Biden can’t emphasize enough his support for the border enforcement bill that Trump had killed precisely because it would have worked, thus depriving him of a potent campaign issue. Any notion that this stance would turn off Latino voters is belied by polls showing Trump actually gaining some support among them as well as Blacks. And that’s despite Trump’s talking about mass deportations.

Perhaps Blacks and Latinos want different things from their political leaders than having their identities massaged. Other polls show illegal immigration — as well as crime — rank high on the list of these voters’ concerns.

No surprise there. Poorly controlled borders intensify competition for workers without college degrees. These jobs are in construction, manufacturing, restaurants and hotels, retail; positions that are heavily occupied by people of color.

Contained in Obama’s message to the anti-Israel left was the reality that the conflict in Gaza is complicated. But when you get down to the Squad level on the left, the problem isn’t so much what many believe as their lack of depth in understanding the issues.

Trump Republicans can’t help but love them. Here are would-be Democrats helping a candidate who, as president, introduced a ban on Muslims even entering the country; and says he would restore it in a second term.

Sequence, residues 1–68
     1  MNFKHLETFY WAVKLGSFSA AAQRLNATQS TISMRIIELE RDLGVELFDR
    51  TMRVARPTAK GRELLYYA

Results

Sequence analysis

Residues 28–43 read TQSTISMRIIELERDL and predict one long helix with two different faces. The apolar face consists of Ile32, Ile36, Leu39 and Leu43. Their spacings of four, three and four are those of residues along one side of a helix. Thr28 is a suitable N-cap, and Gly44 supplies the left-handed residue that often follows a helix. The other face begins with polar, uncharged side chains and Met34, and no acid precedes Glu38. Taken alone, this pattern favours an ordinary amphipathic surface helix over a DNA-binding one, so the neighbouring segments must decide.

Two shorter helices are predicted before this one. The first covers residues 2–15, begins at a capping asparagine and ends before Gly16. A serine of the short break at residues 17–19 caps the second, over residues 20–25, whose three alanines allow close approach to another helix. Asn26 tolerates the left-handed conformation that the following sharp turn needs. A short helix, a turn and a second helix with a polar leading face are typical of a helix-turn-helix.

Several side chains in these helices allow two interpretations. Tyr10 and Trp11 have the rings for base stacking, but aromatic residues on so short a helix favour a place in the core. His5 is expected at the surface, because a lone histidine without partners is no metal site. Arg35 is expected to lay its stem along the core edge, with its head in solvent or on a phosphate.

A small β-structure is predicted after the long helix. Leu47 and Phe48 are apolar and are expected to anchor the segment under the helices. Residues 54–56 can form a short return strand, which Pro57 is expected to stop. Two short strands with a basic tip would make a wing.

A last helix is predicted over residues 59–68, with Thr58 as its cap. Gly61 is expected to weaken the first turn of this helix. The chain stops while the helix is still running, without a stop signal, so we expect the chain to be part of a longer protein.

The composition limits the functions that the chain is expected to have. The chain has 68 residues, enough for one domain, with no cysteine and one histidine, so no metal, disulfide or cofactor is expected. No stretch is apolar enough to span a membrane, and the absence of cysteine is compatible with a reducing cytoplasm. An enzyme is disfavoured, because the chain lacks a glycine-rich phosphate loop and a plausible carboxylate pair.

Haley voters could well be the key to a Biden victory, especially if the president doesn’t torment them with woke nonsense. Biden needs to keep Democrats united as is politically doable while getting the never-Trump Republicans to actually cast a vote; if not whole-heartedly for him, at least for the democracy.

Follow Froma Harrop on X @FromaHarrop. Email her at fharrop@gmail.com. Copyright 2024, Creators.com.

Talk to us

> Give us your news tips.

> Send us a letter to the editor.

> More Herald contact information.

More in Opinion

Editorial cartoons for Friday, May 17

A sketchy look at the news of the day.… Continue reading

Attorney General Bob Ferguson speaks to a reporter as his 2024 gubernatorial campaign launch event gets underway in Seattle, on Saturday, Sept. 9, 2023. ( Jerry Cornfield/Washington State Standard)
Editorial: Recruiting two Bob Fergusons isn’t election integrity

A GOP activist paid the filing fee for two gubernatorial candidates who share the attorney general’s name.